China consulate involved in Newcastle University Taiwan row


The Chinese consulate-general has entered a dispute over Taiwanese independence at the University of Newcastle, exposing the increasing influence exerted by Beijing on Australian university campuses.

The dispute, one of several invol­ving Chinese international students at Australian universities, has seen the students receive strong support from Chinese ­commentators.

The university was asked whether the Chinese consulate-general, the Chinese Students and Scholars Association and ­Chinese-Australian news outlet Sydney Today were in contact with the university over the matter. “The University of Newcastle has engaged with a range of interested stakeholders, including students, staff and the consulate- general of the People’s Republic of China,” a university spokes­woman responded.

The consulate reportedly became involved in part because of its “one-China bottom line” and because the incident “seriously hurt the feelings of Chinese ­students”.

The Newcastle University Chinese Students and Scholars ­Association is “an association supervised by the Chinese general consulate Sydney”, according to the university’s website.

The incident at the university, where a lecturer came under fire last week for listing Taiwan and Hong Kong as separate countries, is the fourth prominent case since May where academic staff or Australian universities have been targeted and their actions or teaching material attacked on Chinese ­social media.

The controversy comes amid a debate over Chinese censorship spreading to Western universities, which was sparked by the Cambridge University Press Chinese censorship scandal. The university publisher decided to accept Chinese government censorship of its journal, China Quarterly — a decision it has since reversed after a wave of negative publicity.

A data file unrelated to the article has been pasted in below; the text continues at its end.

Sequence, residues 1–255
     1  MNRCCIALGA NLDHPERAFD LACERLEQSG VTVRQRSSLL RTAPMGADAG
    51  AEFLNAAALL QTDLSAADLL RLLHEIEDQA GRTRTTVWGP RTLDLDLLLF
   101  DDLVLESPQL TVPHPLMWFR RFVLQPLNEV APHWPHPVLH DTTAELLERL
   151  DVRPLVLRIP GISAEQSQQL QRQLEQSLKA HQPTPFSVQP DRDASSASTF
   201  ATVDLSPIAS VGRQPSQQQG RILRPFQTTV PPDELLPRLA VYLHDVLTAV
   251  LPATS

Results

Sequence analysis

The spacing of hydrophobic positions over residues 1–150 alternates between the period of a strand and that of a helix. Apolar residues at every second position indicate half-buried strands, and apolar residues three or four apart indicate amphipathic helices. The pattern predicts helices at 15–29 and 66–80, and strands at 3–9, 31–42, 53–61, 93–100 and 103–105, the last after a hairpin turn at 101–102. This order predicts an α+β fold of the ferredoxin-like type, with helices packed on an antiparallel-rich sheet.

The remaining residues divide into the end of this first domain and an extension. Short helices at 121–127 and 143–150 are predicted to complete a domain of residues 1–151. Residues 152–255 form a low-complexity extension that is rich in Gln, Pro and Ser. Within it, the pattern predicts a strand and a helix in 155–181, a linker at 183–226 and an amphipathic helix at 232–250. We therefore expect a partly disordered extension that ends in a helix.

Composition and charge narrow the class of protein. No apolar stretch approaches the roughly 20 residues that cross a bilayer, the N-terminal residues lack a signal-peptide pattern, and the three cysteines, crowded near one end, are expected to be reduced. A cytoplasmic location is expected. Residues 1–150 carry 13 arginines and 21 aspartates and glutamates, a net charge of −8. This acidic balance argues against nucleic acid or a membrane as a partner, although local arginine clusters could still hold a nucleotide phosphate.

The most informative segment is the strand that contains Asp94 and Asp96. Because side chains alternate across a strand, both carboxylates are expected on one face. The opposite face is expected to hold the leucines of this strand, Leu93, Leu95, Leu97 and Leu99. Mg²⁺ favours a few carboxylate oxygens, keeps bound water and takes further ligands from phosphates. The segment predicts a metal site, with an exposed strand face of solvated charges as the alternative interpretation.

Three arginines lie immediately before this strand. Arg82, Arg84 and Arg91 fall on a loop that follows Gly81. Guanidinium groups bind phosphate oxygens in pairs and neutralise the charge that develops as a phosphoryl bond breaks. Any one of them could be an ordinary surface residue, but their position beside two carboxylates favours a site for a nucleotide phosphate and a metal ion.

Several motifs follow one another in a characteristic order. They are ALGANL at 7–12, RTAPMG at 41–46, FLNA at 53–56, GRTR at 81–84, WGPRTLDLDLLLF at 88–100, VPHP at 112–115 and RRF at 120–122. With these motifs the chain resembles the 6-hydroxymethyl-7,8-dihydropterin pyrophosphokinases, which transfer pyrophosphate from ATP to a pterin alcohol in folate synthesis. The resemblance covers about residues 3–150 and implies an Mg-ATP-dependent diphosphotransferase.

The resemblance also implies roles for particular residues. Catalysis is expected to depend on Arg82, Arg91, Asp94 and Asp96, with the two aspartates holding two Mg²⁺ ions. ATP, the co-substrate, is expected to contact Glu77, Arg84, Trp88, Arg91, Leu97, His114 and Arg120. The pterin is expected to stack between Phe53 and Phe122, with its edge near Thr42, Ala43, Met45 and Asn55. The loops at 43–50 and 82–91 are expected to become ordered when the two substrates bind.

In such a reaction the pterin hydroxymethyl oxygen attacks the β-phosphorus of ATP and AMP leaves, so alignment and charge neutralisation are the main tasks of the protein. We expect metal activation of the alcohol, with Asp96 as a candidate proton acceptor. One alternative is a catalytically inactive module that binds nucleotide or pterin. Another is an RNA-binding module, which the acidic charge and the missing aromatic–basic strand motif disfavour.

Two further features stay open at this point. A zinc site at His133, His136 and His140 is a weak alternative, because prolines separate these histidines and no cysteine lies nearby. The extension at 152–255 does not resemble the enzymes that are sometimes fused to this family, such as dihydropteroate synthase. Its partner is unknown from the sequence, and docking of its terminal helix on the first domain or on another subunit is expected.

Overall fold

Last week, a business lecturer at the University of Newcastle used a chart from a Transparency International report that listed Hong Kong and Taiwan as countries.

Chinese international students then covertly recorded an after- class argument with him about the chart and contacted the media.

The Australian government adheres to the “One-China policy”, which means it recognises the People’s Republic of China as the ‘‘sole legitimate government of China’’ rather than recognising Taiwan.

Taiwan operates like a separate country — with its own constitution, parliament, government, army, currency, central bank — but it is claimed by China as a ­province.

Hong Kong is a Special Administrative Region of China.

Sydney Today contacted the university’s vice-chancellor Caroline McMillen and asked her to clarify the institution’s position on Hong Kong and Taiwan, and also directly contacted the lecturer.

Many Chinese commentators took the student’s side.

Liu Peng posted on the Chinese website that “the A San” — or Third World person, a derogatory term used sometimes of Indians — “must apologise, and the university should do something too!”

Bishitailu, a pen-name, posted that “the lecturer is so mindless, there’s no point even in trying to talk rationally with him, just let him pay a price for what he has done.

“Doesn’t he know that having only one China is a political red line?”

A few days earlier, Chinese international students at Sydney University complained that a lecturer had used a world map showing India in control of territory that China claims.

The Australian


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